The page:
Yesterday, Real Madrid defeated the Argentine side San Lorenzo 2-0 in Marrakech, Morocco to win the FIFA Club World Cup. I wouldn’t hold it against you if you had no idea either. The footballing community has reached a general consensus that this is an irrelevant tournament, which is unfortunate because the Club World Cup is an appealing idea. The tournament brings together the best team from each the 6 continents, giving clubs from Africa and Asia their chance to be introduced to the world often for the first time and determine internationally who is the best club.
Except the best club is predetermined before the tournament even starts. The European team comes in and half asses their way to the title. Real Madrid only had to give about 35% to coast past San Lorenzo. In the last 8 years, the European team has won the title 7 times. It’s impossible for there to be parity in this tournament. The framework for club football in Europe has existed far longer than in any other continent. The only one that can come close to matching the history of European football is South America and it’s no surprise that Brazilian clubs have won the other 4 installments of the tournament. So if the Club World Cup comes down to 2 teams while the other 5 clubs (champion of the host nation’s league also gets a bid) travel halfway across the world just for the chance to shake hands with Cristiano Ronaldo, what’s even the point?
That’s simple, there’s money to be had. The sponsorship deals that accompany the tournament are too much for Sepp Blatter and his FIFA henchmen to walk away. If scraping the whole thing isn’t an option, then steps need to be made to improve it. One improvement that I believe will introduce a little more parity is making the tournament biennial. The tournament at the moment is just a major inconvenience, coming right in the middle of the European season. Having it every other year could present the opportunity for a two-week break in the season where club football pauses and focuses their eyes solely on this tournament. Also a tournament every two years would mean more teams, each continent now being represented by the past two winners of their respective Champions Leagues. They even could have a playoff between winners of the Europa League and Copa Sudamericana to give Europe and South America a third team. More teams would mean a group stage. As we saw at this summer’s World Cup in Brazil, the group stage can create chaos (see: Spain, Costa Rica). However, what can truly make this tournament more exciting is obvious. The sport’s infrastructure needs to improve in the other continents.
On the same day Real Madrid were giving their lesser opponents the business, Asian football made a huge stride forward. In Mumbai, Atlético de Kolkata stole the Indian Super League title from Kerala Blasters with a 95th minute header. In the inaugural season of the Indian Super League, the experiment has largely been heralded a success. The league was created to make football a top sport in India as well as a major player worldwide. Viewership statistics for matches has been in the hundreds of millions. The competition will surely be back next year and hopefully will push the sport further into the consciousness of the country.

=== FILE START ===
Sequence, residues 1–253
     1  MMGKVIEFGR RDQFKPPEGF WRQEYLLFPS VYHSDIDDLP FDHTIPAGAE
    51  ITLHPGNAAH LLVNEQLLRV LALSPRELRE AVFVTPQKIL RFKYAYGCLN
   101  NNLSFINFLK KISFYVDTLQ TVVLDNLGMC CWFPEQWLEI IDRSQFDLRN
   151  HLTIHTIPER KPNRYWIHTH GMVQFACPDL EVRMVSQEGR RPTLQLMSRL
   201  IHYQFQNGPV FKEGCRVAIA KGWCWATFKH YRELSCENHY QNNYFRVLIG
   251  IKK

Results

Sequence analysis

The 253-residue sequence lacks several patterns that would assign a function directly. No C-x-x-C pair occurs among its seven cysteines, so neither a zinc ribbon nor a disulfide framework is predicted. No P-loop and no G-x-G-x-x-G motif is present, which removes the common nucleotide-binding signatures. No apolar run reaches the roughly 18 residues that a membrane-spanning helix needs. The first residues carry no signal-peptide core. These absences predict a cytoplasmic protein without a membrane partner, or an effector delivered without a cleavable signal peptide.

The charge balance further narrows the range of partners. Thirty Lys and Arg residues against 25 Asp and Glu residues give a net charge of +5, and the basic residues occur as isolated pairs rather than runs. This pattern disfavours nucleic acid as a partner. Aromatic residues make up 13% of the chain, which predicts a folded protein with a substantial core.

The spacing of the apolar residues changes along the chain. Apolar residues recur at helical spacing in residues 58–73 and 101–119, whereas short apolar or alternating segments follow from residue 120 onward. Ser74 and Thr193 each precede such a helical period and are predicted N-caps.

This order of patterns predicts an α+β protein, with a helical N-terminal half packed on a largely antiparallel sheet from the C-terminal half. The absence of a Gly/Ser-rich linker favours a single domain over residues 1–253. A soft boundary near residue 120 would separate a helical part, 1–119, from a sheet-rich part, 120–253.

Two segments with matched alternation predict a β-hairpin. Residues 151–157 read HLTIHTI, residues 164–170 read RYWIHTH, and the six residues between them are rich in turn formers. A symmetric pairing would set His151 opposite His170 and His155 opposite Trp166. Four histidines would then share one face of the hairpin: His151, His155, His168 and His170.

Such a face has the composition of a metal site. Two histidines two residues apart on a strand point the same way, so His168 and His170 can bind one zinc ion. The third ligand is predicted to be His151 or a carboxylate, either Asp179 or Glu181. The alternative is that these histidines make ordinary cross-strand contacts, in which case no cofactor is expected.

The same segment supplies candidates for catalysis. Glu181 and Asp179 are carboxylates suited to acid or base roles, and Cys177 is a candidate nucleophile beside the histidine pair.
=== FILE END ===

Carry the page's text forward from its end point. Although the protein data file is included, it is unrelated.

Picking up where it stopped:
Asia is an untapped market begging for the football world to reach out. While the gap between the Indian Super League and English Premier League is still immeasurable, quickly developing countries like India are finding the resources to close this gap fast. Most professional leagues in Asia have only been around for a couple of decades, but their popularity among their people was instant. With Asia’s ever expanding economies, these leagues are at no loss for sponsors and have seen huge amounts of cash infused into promotion of the sport. Sponsors and television deals lead to new training grounds and more money for coaching and youth development. These effects are already coming to the foreground in the Indian Super League. The final was not dominated by the aging Premier League rejects, but rather by the young Indian homegrowns. 22-year-old Mohammed Rafique, born and raised in the West Bengal region, scored the decisive 95th minute goal for Kolkata. With the Indian Super League gaining such popularity, the country will start to see their best athletes choose football over the nation’s pastime cricket.
Don’t get me wrong, India still have a long way to go in becoming a superior football nation. The Super League has presented the sponsors and interest though to make it a fast climb. Countries often use sport to showcase to the world their rise as a global power. India looks like they’re making football their sport of choice. It will be interesting to see in the upcoming decades whether Asia’s increasing capital can begin to cancel out a century of European domination. While it might be smooth sailing for Europe in the FIFA Club World Cup right now, competition is coming in the near future.